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January 21, 2011 > 2010: The Beginning of Change

2010: The Beginning of Change

By Supervisor Dave Cortese

Reflecting on the first decade of the 21st century, we can see the ups and downs and a tumultuous economy. But we can also look to the future and see the path towards recovery. Despite the tumultuousness, families pulled together and did more with less. Likewise, here at the county, we were still able to accomplish a lot, despite diminished resources. I wanted to take a minute and reflect on some of the great things we put in place in 2010 to benefit residents of Santa Clara County, thanks to your support.


Highway 101 Corridor Improvements

I hope you got my email from last month, announcing the pending construction of Highway 101 at Tully Road. If you travel Highway 101, you may have seen the construction equipment appearing around Tully interchange. I am very excited to see this as it is the realization of almost a decade of hard work and perseverance. Since I was first elected in 2001, I have fought tooth and nail to upgrade this interchange. This project will dramatically increase motorist and pedestrian safety. Also, it will begin to ease the traffic congestion on this vital road. But the fight isn't over. Just before Christmas I met with state leaders to develop a strategy for securing the remaining funds to update the Yerba Buena and Capitol Expressway interchanges. The projects are already designed; all that is needed now is about $31 million to complete the construction. This is my number one transportation goal and hopefully I'll have good news for you in late spring 2011 on securing the funds. I am also working to plan a celebration of the groundbreaking of the construction work. For more information on the project or the celebration, please contact my office at 299-5030 or rabia.chaudhry@bos.sccgov.org.


District 3 out in the community

I strongly believe in the power of communities. In 2010, my office and I participated in dozens of local events put on by neighborhood associations and community organizations to show support and help connect residents to county services. Also last year I co-sponsored the First Annual Day on the Bay: A Multicultural Festival in Alviso with the Santa Clara County Parks and Recreation Department. This festival allowed residents from across the county to learn about services and resources available to them as well as enjoy free live entertainment, free food, free kayak rides at the Alviso Marina and free pumpkins. My staff and I are already planning this year's events and I hope to see you at one of them.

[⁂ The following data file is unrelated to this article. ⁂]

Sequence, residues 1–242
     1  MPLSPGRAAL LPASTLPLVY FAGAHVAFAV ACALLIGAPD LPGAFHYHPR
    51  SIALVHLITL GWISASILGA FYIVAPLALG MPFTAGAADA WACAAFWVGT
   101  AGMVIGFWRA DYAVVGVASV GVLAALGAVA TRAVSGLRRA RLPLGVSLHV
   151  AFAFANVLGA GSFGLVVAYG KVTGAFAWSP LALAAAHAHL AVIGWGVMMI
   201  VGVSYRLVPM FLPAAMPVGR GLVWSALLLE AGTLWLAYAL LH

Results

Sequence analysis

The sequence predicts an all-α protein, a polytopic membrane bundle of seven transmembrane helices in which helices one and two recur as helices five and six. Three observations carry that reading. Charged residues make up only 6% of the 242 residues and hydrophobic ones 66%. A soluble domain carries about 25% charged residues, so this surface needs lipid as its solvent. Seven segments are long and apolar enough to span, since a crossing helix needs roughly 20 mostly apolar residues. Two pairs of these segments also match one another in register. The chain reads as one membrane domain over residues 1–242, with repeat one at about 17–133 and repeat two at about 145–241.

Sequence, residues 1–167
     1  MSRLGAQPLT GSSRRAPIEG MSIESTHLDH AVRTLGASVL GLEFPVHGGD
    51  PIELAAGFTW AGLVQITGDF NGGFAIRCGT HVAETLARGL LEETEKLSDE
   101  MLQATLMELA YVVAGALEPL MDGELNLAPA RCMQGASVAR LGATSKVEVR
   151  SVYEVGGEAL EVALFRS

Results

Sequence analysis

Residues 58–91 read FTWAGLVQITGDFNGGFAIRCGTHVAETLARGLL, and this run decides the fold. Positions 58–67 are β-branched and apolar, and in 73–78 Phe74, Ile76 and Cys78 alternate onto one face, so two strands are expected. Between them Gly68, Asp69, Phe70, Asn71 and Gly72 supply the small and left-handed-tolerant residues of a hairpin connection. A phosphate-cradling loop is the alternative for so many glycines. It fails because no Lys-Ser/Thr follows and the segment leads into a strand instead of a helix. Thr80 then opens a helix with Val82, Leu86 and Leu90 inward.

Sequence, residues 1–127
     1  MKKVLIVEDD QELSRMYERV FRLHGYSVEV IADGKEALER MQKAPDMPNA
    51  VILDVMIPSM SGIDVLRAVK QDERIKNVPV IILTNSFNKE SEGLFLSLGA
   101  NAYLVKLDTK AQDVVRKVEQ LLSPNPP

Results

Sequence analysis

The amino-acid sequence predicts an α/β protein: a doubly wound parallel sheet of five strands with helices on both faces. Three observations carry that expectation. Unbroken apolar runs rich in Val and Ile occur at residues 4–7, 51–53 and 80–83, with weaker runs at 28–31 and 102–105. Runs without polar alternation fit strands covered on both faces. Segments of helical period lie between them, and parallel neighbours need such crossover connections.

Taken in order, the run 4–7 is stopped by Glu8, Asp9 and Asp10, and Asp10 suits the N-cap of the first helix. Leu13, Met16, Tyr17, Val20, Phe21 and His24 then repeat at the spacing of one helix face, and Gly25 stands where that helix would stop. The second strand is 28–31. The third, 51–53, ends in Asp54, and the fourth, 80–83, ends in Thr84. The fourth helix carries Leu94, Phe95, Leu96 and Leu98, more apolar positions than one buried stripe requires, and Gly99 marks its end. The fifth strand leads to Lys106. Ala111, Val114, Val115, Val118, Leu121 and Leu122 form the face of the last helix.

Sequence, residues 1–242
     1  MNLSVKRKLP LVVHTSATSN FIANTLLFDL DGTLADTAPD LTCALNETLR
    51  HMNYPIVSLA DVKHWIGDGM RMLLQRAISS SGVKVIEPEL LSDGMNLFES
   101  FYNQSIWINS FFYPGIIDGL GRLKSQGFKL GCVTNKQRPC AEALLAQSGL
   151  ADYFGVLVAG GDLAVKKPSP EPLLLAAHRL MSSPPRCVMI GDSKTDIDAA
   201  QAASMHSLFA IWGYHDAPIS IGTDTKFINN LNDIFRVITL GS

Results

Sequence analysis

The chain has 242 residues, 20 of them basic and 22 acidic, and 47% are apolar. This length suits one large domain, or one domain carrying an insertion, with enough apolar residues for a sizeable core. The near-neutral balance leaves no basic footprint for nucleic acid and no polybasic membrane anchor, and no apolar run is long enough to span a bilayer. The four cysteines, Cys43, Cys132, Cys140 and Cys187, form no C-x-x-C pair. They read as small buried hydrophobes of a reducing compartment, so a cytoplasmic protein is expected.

A greener Santa Clara County

In order to ensure our community's survival, we must make it sustainable. With that in mind, I've focused a great deal of time on greening and making sustainable not only county operations but the community, too, including supporting the creation of a County Office of Sustainability. This office will further the goals of the environment, economic stimulus and equity. To put it simply, the office will help the county ensure that all its residents have a healthy place to live and a chance for good jobs.


No more young minors in Juvenile Hall

Last year was a significant year for social justice in Santa Clara County. After studying the issue and taking public testimony, I asked the Board of Supervisors to approve a resolution to no longer place any child 12 years old or younger in Juvenile Hall - and the Board unanimously agreed. Children this young need one-on-one, highly intensive intervention - and Juvenile Hall is not setup to do this. Young offenders are now being placed in highly trained parental care-like settings, where they can receive the attention and care needed to rehabilitate and re-enter the world. Studies show that 97% of these kids will not re-offend.


A cost efficient and rehabilitative criminal justice system

In an effort to make the criminal justice system fairer, while at the same time saving taxpayer dollars by easing the burden on the courts, my office has been working with county staff on how to divert certain low level offenses away from the judicial process. Such "diversion" programs have been successful in many other jurisdictions because they allow non-violent offenders to correct their offense while not taking up valuable time in the courts. Last December, the Board approved the first diversion method - giving infractions (as opposed to misdemeanors) for certain low level vehicle offenses.

These are just a few of the changes that I worked on last year. I have more ideas for this coming year, but I know you have many other great ideas. To that end, I led in the creation of a whistleblower hotline for county employees and residents to make anonymous tips and suggestions to help us create a more efficient and accountable county government. Suggestions can be made online at www.sccgov.org or by calling 888-302-7743. All information will be kept private.

I look forward to serving you as the President of the Board of Supervisors this year. My office is always available to you to answer questions or connect you with services. Please do not hesitate to contact me at 408-299-5030 or dave.cortese@bos.sccgov.org.

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